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'U' nets NIH grant to study diabetes

BY CLAIRE GOSCICKI
Daily Staff Reporter
Published September 30, 2010

Researchers at the Brehm Center for Diabetes Research — a division of the University’s Comprehensive Diabetes Center — received a $3.3 million grant from the National Institutes of Health to fund research for early interventional drug treatments for type 1 diabetes, according to a press release issued by the center last month.

The grant will support Massimo Pietropaolo, professor of internal medicine at the Medical School and director of the immunogenetics laboratory at the Brehm Center, and his team, which includes two University researchers and a researcher from the National Institute of Diabetes and Digestive and Kidney Diseases.

By combining laboratory findings with mathematical models, the team hopes to gain a better understanding of how immune responses in the body lead to damaged pancreas cells in those considered at risk for developing type 1 diabetes, the release stated.

This knowledge will spur progress toward discovering new drugs that can halt the progression of the disease. In addition, researchers hope the study will help doctors be able to better predict the onset of juvenile diabetes, the press release stated.

According to the National Institutes of Health website, type 1 diabetes — sometimes referred to as juvenile or insulin-dependent diabetes — is an endocrine disease often diagnosed in children, adolescents and young adults.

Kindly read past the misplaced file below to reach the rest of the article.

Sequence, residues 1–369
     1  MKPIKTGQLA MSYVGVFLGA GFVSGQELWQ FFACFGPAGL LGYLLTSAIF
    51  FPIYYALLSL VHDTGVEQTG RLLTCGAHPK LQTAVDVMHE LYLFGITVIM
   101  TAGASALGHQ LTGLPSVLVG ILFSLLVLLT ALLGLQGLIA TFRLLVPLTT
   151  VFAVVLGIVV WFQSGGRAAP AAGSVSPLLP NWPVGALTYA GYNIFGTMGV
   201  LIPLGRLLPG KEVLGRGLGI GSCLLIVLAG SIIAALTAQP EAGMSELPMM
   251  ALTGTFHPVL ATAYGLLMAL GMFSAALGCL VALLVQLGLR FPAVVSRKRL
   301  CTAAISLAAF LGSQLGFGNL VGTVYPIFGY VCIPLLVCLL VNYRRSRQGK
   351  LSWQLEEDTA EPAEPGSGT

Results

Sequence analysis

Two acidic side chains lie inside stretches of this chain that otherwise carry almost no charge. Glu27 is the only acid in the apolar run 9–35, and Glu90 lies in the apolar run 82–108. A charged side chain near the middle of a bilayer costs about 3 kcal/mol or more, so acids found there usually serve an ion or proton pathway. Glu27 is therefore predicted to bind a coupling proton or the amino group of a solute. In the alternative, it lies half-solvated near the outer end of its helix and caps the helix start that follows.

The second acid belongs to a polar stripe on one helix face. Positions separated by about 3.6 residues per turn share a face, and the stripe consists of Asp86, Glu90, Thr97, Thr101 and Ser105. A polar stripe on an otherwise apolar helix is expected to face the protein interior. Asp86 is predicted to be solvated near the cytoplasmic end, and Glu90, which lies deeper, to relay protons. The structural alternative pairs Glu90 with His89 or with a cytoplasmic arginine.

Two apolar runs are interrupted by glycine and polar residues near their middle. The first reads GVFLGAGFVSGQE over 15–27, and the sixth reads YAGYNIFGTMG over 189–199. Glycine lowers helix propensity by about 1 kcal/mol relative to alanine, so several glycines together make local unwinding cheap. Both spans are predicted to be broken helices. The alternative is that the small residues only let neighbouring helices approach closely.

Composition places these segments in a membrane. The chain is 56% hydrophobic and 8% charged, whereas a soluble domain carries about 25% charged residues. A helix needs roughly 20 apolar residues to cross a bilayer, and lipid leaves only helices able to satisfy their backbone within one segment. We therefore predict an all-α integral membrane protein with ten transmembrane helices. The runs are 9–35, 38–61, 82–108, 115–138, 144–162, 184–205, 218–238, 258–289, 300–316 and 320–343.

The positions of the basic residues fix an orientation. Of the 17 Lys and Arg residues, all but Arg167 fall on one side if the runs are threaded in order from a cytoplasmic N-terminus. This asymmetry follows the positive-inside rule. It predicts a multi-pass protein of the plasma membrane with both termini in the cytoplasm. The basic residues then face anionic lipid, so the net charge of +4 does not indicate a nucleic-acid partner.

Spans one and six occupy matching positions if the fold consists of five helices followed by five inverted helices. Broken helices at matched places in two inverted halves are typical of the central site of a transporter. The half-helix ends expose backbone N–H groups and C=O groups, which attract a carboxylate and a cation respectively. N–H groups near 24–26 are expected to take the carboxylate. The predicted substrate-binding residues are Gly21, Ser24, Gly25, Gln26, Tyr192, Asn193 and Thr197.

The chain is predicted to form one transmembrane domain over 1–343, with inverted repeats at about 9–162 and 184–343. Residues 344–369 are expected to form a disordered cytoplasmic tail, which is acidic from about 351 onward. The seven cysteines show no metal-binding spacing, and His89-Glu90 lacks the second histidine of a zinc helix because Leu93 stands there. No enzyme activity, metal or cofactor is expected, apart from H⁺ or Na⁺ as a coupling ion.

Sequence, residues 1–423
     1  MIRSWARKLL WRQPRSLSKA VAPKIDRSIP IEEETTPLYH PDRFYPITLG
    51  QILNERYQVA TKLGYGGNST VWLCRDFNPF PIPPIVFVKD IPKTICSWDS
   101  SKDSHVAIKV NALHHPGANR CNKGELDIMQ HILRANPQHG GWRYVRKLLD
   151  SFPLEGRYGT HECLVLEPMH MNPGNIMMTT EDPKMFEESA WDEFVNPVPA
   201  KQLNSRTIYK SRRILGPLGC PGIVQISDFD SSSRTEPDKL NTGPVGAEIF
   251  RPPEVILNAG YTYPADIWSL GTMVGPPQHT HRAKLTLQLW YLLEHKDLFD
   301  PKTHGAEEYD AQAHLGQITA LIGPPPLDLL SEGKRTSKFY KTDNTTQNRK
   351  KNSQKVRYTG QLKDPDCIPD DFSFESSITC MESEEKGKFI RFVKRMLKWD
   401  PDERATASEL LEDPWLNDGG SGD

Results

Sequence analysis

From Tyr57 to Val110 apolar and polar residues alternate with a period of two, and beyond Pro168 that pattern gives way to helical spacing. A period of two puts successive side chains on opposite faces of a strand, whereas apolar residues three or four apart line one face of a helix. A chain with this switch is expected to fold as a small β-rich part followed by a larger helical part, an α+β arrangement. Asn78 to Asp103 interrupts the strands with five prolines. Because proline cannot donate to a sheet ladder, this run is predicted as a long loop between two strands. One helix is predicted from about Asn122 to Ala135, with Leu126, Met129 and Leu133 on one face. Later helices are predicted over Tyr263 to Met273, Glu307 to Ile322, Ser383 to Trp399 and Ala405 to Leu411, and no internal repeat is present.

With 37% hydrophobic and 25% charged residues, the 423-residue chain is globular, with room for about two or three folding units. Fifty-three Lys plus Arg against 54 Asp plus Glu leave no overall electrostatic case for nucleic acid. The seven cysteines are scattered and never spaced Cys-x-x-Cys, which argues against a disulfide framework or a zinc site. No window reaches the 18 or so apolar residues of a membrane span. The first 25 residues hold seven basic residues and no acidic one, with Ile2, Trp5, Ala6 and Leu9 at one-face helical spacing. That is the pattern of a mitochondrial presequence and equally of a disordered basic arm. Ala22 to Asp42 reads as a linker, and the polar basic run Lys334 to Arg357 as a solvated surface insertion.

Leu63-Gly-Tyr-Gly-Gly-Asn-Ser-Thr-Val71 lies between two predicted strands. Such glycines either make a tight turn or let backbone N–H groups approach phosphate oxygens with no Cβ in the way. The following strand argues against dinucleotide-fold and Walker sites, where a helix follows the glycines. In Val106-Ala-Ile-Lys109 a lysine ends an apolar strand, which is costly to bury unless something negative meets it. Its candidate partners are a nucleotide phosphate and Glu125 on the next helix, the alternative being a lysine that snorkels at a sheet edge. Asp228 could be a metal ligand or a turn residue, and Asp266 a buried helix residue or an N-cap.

“(The) pancreas can no longer manufacture any insulin for the body,” said Dan Diepenhorst, manager of the diabetes and kidney disease unit at the Michigan Department of Community Health. This lack of insulin production affects blood sugar levels and causes glucose to buildup in the bloodstream.

According to the press release, more and more children and adults are getting diagnosed with type 1 diabetes and the disease is “approaching epidemic levels.”

“It’s a public health problem,” Pietropaolo said. “One can treat these patients, but unfortunately they will have to be treated for their whole lives.”

To treat type 1 diabetes, patients monitor their blood sugar levels and take insulin — administered in a variety of ways — to maintain healthy blood sugar levels. They’re also usually advised to exercise and eat healthy.

Diepenhorst said Michigan currently has the 15th highest number of diabetes cases in the United States, and the number of statewide cases has increased about 15 percent over the past five years.

By gaining a greater comprehension of the mechanisms of the disease, Pietropaolo said, he and his team can create better diabetes treatments and perhaps eventually a cure.

“Once we understand the basis of what leads to type 1 diabetes ... we can translate this knowledge into healing disease,” he said.